George Collins

George Collins drove home one cold winter’s night,
George Collins drove home so fine,
George Collins drove home one cold winter’s night,
Was taken sick and he died.

His sweet little Nell in yonders room
Sat sewing her silks so fine,
But when she heard that poor George was dead,
She laid her silks aside.

She followed him up, she followed him down,
She followed him to the grave;
And there she sat on a cold, cold stone,
She wept, she mourned, and she prayed.

“Set down the coffin, take off the lid,
Lay back the linens so fine,
So I might kiss his cold, cold lips,
For I know that he’ll never kiss mine.”

“Oh daughter, oh daughter, why do you weep?
There’s more young men than one.”
“O mother, O mother, poor George has my heart,
And His day on earth it is done.”

Look down, look down that long, lonesome road,
Hang down your head and cry;
The best of friend are sure to part,
So why not you and I?

Oh, don’t you see that snow white dove,
He flies from pine to pine;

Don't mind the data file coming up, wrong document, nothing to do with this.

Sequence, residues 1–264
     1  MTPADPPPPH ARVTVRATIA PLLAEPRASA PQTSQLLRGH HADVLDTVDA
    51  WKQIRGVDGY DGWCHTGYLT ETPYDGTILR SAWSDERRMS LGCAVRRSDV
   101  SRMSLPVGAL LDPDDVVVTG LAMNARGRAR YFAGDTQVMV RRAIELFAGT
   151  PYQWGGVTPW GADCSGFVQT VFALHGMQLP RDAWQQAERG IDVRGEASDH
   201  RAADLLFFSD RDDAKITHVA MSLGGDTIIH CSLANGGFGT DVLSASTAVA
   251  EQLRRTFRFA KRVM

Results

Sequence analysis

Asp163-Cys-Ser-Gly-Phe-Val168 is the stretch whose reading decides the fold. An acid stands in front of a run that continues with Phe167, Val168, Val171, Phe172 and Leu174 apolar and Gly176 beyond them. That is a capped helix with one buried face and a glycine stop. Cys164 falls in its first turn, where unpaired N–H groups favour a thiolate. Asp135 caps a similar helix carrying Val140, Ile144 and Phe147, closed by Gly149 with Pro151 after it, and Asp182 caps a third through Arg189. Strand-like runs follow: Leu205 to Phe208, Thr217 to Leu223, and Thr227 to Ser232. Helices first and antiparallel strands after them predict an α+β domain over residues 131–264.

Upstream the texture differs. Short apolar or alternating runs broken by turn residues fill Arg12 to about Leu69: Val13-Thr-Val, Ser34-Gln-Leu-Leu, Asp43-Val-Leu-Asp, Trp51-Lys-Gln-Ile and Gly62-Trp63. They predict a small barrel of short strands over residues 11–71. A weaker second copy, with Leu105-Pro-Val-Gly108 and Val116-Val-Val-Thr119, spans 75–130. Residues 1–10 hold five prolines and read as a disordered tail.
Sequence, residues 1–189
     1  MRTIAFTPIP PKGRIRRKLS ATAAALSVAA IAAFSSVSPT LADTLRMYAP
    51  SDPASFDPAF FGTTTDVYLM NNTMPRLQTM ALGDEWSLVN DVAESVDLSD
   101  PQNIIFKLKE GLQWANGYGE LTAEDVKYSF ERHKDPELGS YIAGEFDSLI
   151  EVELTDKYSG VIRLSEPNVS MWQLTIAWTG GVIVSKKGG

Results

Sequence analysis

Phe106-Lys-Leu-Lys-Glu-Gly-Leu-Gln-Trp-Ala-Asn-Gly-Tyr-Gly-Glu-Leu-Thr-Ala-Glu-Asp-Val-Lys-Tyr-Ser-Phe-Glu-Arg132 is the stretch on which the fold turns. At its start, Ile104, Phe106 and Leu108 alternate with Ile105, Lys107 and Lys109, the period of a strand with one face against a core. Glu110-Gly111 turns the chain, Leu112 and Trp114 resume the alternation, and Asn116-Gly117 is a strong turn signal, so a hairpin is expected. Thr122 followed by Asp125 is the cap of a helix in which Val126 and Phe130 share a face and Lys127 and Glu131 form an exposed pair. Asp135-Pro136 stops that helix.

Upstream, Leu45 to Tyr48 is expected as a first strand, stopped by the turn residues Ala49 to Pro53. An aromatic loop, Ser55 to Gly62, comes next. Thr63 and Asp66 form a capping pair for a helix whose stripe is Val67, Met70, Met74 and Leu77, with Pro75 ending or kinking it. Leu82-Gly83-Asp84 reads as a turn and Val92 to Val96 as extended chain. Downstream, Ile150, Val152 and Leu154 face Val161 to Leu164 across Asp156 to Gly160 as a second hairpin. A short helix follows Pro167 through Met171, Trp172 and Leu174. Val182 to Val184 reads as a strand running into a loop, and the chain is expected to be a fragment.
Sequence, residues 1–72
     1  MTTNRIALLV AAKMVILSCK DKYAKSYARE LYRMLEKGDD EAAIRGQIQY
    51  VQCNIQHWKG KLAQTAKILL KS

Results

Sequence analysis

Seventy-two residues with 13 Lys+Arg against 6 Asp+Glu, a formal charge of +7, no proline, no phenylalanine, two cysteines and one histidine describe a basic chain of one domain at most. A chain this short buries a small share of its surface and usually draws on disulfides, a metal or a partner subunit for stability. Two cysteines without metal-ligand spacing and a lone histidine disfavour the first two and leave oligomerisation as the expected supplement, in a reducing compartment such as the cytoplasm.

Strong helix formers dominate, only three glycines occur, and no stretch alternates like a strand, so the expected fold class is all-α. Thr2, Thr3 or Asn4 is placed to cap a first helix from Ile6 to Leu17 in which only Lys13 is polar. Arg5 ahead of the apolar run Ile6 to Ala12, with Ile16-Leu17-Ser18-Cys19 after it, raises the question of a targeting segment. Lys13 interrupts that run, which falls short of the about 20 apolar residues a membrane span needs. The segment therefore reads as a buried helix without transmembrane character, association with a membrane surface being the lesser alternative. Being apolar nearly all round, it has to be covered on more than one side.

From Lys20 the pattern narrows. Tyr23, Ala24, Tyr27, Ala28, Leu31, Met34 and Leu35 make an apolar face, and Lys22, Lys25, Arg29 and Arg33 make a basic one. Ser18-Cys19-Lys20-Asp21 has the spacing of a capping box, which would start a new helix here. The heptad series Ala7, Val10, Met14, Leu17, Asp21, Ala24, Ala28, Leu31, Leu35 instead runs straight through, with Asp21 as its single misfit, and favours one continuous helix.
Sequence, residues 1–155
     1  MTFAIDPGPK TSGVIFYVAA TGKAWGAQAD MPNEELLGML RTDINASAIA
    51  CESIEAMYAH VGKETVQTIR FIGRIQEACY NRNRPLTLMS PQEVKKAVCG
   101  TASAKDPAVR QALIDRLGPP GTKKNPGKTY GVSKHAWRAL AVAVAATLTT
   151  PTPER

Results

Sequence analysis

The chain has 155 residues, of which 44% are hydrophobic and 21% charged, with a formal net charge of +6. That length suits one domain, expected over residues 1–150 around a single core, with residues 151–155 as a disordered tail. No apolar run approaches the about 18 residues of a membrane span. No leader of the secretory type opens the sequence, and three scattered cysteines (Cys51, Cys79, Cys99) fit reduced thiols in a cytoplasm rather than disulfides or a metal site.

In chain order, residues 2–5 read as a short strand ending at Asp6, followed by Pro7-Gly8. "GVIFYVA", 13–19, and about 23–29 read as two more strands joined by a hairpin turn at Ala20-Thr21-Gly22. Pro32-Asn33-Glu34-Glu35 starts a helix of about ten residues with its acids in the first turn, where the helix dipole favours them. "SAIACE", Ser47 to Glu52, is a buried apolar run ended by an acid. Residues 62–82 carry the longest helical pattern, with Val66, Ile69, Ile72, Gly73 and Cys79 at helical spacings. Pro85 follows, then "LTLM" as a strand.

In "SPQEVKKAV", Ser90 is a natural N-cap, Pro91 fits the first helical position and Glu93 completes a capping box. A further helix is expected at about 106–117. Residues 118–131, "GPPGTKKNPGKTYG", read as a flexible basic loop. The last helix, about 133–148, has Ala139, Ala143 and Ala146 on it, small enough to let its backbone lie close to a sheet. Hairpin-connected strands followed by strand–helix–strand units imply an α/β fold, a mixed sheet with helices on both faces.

Just mourning for his own true love,
The way I mourn for mine.

What’s This?

Folk Songs You Never Sang in Grade School is one folk musician's effort to document, honor and share a collection of folk songs I love and my personal history with them through research, essays, and performance. Read the essays here and watch this site for future performances.

What’s New?

Tara McGovern and I, joined by uilleann piper Jon Cooper, have completed the album version of Folk Songs You Never Sang in Grade School. For a taste of the CD listen to "Let No Man Steal Your Thyme" and "I Ride an Old Paint" with "Midnight on the Water."

I Ride an Old Paint/Midnight on the Water
Let No Man Steal Your Thyme